First and foremost is the sheer mass of archaeological data that is made available in these articles, most of which consist of brief historical introductions and conclusions between which are sandwiched detailed--sometimes item-by-item--summaries of archaeological finds and sites. Also valuable are articles that provide either detailed accounts of recent excavations of important sites such as, for example, S. Okhotnikov and A. Ostroverkhov, "Achilles on the Island of Leuke" and V. Gorontcharovsky,"Pluraton: A Fortress of 1st--3rd centuries AD on the Euopean Kimmerian Bosporos" or surveys of the current state of scholarship on topics related to trade between the Mediterranean and Pontic regions such as N. Gavrilyuk, "Greek Imports in Scythia" and J. Bouzek's valuable supplement to his important 1990 book Studies of Greek Pottery in the Black Sea area (Prague). Finally, reflecting current scholarship, there is a welcome change of emphasis from the Archaic period that was typical of early 20th century scholarship to the Classical, Hellenistic, and Roman Imperial periods in the historical summaries and especially in the articles on the Roman period at Olbia and Chersonesus and other sites.
Unfortunately, these volumes also have serious weaknesses that are in many ways a reflex of the empiricism that is their great virtue. So, while literary sources are diligently collected and cited, they are largely taken at face value with little or no critical evaluation. Likewise, while relations between Greeks and non-Greeks are an important theme in numerous articles, analysis generally is limited to discriminating between Greek and native remains--mainly funerary and ceramic--and identifying generalized "influences" with little regard for the social and cultural contexts in which those "influences" occurred. Similarly, relations between Greek cities--particularly economic relations--receive considerable attention. Interpretation tends to be simplistic, however, with the geographical and chronological distribution of coin finds and amphora types being used to reconstruct the historical development of trade relations between cities with little attempt to identify the reasons behind the distribution patterns perceived in the archaeological record. Finally, and most seriously, just as was true of its predecessor, the English of many articles is marred by numerous grammatical and syntactical errors that render many passages difficult to understand. As a result, while these volumes will provide scholars already familiar with the history and archaeology of the Black Sea with a treasure trove of useful data, the need for an up-to-date vade mecum to the field that would replace Minns' great work still remains.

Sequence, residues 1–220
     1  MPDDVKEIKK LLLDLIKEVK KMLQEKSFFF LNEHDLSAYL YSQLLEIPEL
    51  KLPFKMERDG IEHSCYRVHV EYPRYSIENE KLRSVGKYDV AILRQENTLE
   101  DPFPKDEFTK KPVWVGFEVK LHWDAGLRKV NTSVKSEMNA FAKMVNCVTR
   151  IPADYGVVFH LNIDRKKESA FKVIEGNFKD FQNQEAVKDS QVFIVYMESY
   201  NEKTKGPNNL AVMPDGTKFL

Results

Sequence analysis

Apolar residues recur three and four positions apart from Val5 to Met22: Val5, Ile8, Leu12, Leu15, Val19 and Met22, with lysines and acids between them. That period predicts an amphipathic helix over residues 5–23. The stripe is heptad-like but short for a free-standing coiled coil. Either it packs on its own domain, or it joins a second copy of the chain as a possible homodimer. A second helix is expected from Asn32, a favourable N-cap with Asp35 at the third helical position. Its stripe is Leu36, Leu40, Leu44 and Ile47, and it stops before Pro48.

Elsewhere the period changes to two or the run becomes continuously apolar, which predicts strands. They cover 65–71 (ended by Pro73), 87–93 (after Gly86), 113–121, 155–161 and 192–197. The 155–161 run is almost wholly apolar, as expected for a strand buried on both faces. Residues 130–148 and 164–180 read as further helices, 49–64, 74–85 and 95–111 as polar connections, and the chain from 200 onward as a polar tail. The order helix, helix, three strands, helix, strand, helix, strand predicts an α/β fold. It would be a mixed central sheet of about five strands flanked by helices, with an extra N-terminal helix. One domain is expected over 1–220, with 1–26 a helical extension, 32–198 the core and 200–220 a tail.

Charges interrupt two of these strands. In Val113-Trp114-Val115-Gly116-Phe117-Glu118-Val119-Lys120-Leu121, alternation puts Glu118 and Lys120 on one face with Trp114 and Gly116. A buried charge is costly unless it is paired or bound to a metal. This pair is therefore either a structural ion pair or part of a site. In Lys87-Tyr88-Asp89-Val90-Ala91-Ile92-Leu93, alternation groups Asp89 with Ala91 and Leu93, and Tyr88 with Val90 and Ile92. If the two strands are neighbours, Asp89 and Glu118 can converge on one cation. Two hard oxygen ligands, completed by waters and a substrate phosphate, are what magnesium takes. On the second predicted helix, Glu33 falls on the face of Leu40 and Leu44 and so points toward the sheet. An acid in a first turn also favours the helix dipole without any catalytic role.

1. Ellis H. Minns, Scythians and Greeks: A Survey of Ancient History and Archaeology on the North Coast of the Euxine from the Danube to the Caucasus (Cambridge, 1913).
2. M. I. Rostovtzeff, Skythien und der Bosporus (Berlin, 1931). M. Rostowzew, Skythien und der Bosporus, Band II. Wiederentdeckte Kapitel und Verwandtes, ed. and trans. by Heinz Heinen, Historia Einzelschriften 83 (Stuttgart, 1993).
3. Dimitrios V. Grammenos and Elias K. Petropoulos (edd.). Ancient Greek colonies in the Black Sea 1, 2 vols. (Thessaloniki, 2003).